All of that forms the matrix for an examination of Russell's retirement-related conversations with each employee. As for Strauch himself, it was Russell and not Strauch who broached the subject in May 2000 when Russell told Strauch of the Reorganization. Russell characterizes that as a congenial conversation in which Russell first said that College was making bigger plans and wanted to make sure that Strauch's plans fit in with those plans, and then Strauch assertedly responded with a clear statement that he planned to retire "at age seventy" (Russell Dep. 70:14-73:5). Yet Russell also acknowledges that his conversation with Strauch about retirement was also part of a larger scheme to "get people to understand what we were trying to do . . . that the strategic plan was rolling out and that we were going to be reorganizing and sort of reshuffling, changing Page 19 responsibilities" (S. St. ¶ 51).*fn15

  That additional layer is fleshed out by examining conversations that Russell had with other employees about retirement. Russell spoke extensively with Lynch about his retirement plans and the Reorganization and testified that because the Reorganization "sort of rang his bell," Lynch's decision to retire (assuming for the moment that he was not terminated) was undoubtedly connected to his realization that his job was going to be eliminated as part of the Reorganisation (C. Resp. ¶¶ 25, 56; S. St. ¶ 51).

  Russell's conversations with Jonasson about retirement were also closely linked to discussions about job elimination. Russell maintains that Jonasson had previously suggested to him that she was willing to retire when Russell thought the time was right but that she reneged on that score when Russell indicated to her that the College was "moving into a new era" and that the Reorganization would provide a good occasion for her retirement Page 20 (Russell Dep. 304:19-305:9). Jonasson recalls the incident very differently. She maintains that Russell threatened her with termination if she did not retire (or become a part-time employee) as part of the Reorganization (S. St. ¶¶ 37-39, 40-42).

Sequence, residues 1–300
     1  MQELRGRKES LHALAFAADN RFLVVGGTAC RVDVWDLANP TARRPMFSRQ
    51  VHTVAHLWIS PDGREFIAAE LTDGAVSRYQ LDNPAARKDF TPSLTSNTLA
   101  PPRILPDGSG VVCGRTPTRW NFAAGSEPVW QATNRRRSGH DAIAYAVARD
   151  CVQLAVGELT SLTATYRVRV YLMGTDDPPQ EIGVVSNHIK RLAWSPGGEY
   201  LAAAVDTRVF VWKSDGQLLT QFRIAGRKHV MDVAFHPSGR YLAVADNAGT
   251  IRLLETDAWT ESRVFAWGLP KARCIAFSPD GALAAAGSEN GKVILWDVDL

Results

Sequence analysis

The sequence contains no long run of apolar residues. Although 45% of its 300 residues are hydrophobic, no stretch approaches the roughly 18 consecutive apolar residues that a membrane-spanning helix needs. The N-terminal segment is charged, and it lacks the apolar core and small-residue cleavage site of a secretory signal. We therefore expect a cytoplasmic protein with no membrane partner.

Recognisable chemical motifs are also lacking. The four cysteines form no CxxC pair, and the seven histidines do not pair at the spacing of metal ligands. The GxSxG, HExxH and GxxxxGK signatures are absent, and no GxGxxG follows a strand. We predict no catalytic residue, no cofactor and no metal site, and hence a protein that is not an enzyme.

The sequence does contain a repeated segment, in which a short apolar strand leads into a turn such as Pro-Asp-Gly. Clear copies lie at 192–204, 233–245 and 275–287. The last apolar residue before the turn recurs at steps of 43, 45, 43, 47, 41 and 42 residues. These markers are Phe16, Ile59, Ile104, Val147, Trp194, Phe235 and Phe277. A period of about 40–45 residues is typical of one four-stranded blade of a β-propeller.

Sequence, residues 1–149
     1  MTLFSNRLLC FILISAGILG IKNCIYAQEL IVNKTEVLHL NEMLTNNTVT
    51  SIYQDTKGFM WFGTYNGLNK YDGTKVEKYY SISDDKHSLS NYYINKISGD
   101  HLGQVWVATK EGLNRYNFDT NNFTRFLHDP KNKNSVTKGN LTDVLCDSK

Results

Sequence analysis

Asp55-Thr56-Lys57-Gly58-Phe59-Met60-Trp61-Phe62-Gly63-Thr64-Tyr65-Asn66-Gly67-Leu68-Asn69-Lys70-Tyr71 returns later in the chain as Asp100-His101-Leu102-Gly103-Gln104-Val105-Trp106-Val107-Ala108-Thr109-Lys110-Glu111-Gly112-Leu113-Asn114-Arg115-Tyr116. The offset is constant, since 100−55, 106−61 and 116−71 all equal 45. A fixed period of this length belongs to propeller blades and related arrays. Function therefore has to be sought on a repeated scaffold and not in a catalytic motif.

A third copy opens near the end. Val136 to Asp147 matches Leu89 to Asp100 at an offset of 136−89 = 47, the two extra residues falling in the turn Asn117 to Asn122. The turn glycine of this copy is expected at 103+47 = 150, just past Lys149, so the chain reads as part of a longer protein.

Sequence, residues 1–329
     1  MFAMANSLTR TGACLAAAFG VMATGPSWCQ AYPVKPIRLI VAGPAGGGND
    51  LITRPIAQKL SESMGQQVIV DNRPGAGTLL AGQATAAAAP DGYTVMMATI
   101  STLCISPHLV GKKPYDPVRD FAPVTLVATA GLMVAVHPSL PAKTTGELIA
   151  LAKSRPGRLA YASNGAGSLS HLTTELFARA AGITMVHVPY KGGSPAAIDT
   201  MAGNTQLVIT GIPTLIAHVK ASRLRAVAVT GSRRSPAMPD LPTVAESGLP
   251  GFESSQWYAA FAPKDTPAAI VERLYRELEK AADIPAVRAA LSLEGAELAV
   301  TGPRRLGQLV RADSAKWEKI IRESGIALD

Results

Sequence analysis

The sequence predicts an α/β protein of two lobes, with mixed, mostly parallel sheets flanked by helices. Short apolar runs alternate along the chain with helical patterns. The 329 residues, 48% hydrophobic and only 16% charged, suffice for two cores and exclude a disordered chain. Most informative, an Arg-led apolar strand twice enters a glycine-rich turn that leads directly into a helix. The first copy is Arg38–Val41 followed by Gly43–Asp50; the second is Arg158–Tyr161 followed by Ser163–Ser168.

For Rule 56 purposes, the need to draw reasonable pro-Strauch inferences calls for discrediting Russell's version of events in favor of Strauch's and Jonasson's. That being so, there is at least a genuine issue of material fact as to whether Russell's inquiries were reasonable under the circumstances or whether he hounded Strauch and other older employees enough to begin to raise an inference of age discrimination (see Kaniff, 121 F.3d at 263).

  So much then for the impact of decisionmaker Russell's statements. But in addition, a factfinding jury could reasonably find that inconsistencies on College's part in seeking to justify its decisions regarding Strauch also weigh in the scales to create the required issue of material fact.

  Thus even though College stresses Strauch's declared intention to retire as its motivation for terminating him and for its other actions in connection with that termination (C. Resp. ¶ 32; C. Mem. 13), Russell's testimony labels the Reorganization as the "real" impetus for its actions (S. Resp. ¶ 29):

  It was really the restructuring of the college, and the fact that he had stated that he wanted to retire at 70 was sort of something else. But the real thing was that we were reorganizing The American College of Surgeons. Page 21

 And elsewhere Russell points to asserted deficiencies in Strauch's performance as motivating his termination decision (Russell Dep. 98:2-102:22, S. Ex. 9 at Resp. ¶ 4) — an assertion wholly at odds with College's agreement that Strauch was "not fired for poor performance" and that the termination was "unrelated to his performance of his job duties and responsibilities," as well as by the overwhelmingly positive performance reviews that Strauch had received from Russell throughout the course of his employment (S. St. ¶¶ 11-12, 15-16; Fisher, 225 F.3d at 920-21).*fn16